Everyone wants to give their children the best chance possible at a healthy life. Unfortunately, new research is showing that even at an early age children are at risk of ingesting unhealthy amounts of food-borne toxins.
A study conducted by researchers at the University of California, Davis, and UCLA found that many people, particularly preschool age children, are at high risk of arsenic, dieldrin, DDE and dioxin exposure. The study focused on pinpointing food with high concentrations of these toxins and determining how much of each food the subjects included in their diets.
In order to determine whether children were consuming excessive amounts of toxins, researchers compared established cancer risk benchmarks against what their subjects were eating. The results were alarming: all 364 children in the study passed the cancer benchmark for arsenic, DDE, dieldrin, and dioxin.
Even low exposure to these toxins can increase the risk of neurological impairment or cancer. While some of the toxin exposure found in this study came from processed food like potato chips, much of it came from pesticide exposure. Some of the highest concentrations were found on tomatoes, peaches, apples, dairy, and celery.
“We need to be especially careful about children, because they tend to be more vulnerable to many of these chemicals and their effects on the developing brain,” says Irva Hertz-Picciotto, chief investigator of the study.
While the conclusions reached by this study may seem dire, the researchers also outlined ways consumers can reduce the amount of toxins in their diet.
One of the easiest ways to limit exposure to the toxins found in pesticides is to switch from conventionally grown vegetables to organic. These types of produce tend to have lower pesticide levels and are grown in a sustainable, environmentally friendly way. If affordable organic produce is not easily available, consider growing vegetables of your own. Gardening is a rewarding hobby that both parents and children can enjoy.
Taking advantage of the variety of food available to you is another way to limit toxin exposure. Not all pesticides are used on all produce. An apple may not have been exposed to the same chemicals as a head of lettuce. “Because different foods are treated differently at the source, dietary variation can help protect us from accumulating too much of any one toxin,” says Hertz-Picciotto. Being committed to eating a variety of produce will also help to ensure that you and your family have access to the full spectrum of essential nutrients.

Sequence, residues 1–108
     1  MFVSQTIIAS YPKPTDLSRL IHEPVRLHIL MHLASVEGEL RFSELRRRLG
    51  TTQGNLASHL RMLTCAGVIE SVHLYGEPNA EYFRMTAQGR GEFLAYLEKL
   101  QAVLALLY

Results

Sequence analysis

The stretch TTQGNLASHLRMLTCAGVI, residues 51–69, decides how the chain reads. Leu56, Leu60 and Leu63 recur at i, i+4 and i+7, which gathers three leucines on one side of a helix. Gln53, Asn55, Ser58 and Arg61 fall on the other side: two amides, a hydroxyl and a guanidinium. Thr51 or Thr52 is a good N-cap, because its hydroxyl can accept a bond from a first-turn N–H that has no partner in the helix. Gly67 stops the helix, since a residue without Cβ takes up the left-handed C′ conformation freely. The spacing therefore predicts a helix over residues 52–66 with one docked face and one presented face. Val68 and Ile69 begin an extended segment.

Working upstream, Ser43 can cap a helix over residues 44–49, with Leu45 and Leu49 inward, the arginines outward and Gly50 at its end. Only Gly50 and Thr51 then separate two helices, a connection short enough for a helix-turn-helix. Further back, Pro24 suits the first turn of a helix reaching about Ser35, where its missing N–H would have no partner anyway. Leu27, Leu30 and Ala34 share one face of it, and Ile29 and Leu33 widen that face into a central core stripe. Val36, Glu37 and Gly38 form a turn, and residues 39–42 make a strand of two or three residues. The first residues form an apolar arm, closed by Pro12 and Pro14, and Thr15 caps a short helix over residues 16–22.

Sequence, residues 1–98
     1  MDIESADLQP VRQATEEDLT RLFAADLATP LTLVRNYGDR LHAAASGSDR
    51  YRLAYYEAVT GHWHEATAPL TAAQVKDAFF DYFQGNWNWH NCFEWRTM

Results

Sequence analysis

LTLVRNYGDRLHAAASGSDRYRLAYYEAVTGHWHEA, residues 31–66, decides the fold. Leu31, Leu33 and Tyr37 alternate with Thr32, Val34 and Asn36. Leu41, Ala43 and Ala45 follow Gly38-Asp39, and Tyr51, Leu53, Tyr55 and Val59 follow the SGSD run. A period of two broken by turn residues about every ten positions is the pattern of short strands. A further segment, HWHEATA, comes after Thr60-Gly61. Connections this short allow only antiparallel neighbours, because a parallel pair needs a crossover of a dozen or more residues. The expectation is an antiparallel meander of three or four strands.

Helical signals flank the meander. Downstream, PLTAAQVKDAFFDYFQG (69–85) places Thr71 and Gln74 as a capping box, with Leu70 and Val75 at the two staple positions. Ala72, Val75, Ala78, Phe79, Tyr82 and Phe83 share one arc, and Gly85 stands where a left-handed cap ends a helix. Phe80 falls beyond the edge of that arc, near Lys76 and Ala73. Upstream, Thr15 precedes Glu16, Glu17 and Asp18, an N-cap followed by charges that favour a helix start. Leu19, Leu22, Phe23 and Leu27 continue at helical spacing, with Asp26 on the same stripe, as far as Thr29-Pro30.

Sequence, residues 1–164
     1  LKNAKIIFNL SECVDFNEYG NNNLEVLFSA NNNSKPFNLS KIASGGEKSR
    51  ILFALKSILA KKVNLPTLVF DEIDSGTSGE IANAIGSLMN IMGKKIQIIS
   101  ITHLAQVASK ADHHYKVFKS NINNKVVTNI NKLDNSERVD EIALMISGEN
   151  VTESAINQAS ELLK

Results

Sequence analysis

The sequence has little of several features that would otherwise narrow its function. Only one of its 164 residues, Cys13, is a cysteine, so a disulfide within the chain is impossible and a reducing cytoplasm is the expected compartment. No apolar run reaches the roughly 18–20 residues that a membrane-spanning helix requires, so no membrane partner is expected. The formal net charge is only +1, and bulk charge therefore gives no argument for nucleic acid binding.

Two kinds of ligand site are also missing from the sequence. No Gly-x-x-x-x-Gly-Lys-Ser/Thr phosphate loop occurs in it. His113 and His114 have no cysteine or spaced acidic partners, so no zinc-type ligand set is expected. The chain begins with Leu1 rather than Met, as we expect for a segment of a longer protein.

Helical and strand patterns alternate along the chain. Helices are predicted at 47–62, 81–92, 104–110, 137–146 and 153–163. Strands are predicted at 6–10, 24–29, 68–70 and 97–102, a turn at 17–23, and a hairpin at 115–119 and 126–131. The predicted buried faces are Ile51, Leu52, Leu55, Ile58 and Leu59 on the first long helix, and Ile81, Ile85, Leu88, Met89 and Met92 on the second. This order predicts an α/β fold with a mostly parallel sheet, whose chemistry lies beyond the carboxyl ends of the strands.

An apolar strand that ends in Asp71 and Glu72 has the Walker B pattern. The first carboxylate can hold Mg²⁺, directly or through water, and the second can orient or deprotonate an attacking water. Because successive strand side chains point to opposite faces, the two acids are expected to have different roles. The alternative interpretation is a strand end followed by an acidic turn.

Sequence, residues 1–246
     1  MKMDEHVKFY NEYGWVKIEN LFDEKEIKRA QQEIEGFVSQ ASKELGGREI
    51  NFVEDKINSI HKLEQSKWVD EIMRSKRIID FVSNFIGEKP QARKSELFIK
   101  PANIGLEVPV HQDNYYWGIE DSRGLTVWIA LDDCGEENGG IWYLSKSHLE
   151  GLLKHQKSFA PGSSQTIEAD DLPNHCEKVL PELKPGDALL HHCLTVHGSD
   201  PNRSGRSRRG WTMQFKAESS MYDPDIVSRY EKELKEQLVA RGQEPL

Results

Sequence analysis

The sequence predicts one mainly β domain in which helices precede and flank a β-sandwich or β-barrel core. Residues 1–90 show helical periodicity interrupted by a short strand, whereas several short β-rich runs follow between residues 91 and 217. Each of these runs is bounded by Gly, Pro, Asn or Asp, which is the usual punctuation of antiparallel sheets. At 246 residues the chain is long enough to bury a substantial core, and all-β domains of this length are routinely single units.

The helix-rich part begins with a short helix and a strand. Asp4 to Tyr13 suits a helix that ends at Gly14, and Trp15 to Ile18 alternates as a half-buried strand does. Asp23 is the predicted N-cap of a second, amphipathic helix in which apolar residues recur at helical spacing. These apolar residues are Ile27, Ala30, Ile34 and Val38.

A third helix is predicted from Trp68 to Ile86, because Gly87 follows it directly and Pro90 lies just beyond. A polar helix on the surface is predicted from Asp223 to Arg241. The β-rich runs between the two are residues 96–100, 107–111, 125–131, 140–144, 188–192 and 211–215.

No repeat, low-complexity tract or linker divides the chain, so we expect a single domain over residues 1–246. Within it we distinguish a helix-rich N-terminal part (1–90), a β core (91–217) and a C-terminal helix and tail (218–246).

A diet heavy in conventionally raised animal meats and fats is also a diet heavy in toxins like DDE. Reducing the amount of meat consumed will help to lower your exposure, and if you eat meat, try to make it organic. For a lower fat and lower toxin alternative, you can substitute protein dense beans and grains for meat.
Some forms of dairy were also found to carry high concentrations of toxins. Switching to organic milk is an effective way to reduce this risk.
Much of the changes in diet that reduce exposure to toxins are changes that promote a healthy lifestyle and weight loss. Even taking a small step like eliminating potato chips can make a positive change. Processed grains like the ones found in chips and other snack foods can contain acrilomides, another toxin examined in the study.
More to Be Done
While this new study highlights some of the problems in our current diet, there is still work to do before we completely understand the way that our body deals with the toxins that it is exposed to on a regular basis. By determining how toxins interact with our bodies researchers will be one step closer to figuring out how much risk these toxins present.
In the mean time, it’s important to take steps to address your individual exposure to toxins as well as the exposure of the people around you. Changing your diet is a great place to start, but that is not necessarily where the issue ends. Addressing policy issues about how food is grown is essential in making sure everyone can live as healthily as possible. Chemicals that we use now may remain in our ecosystem for decades, regardless of whether they are damaging or not.
Whether you are responsible for young children or just yourself, lowering exposure to toxins is a healthy choice.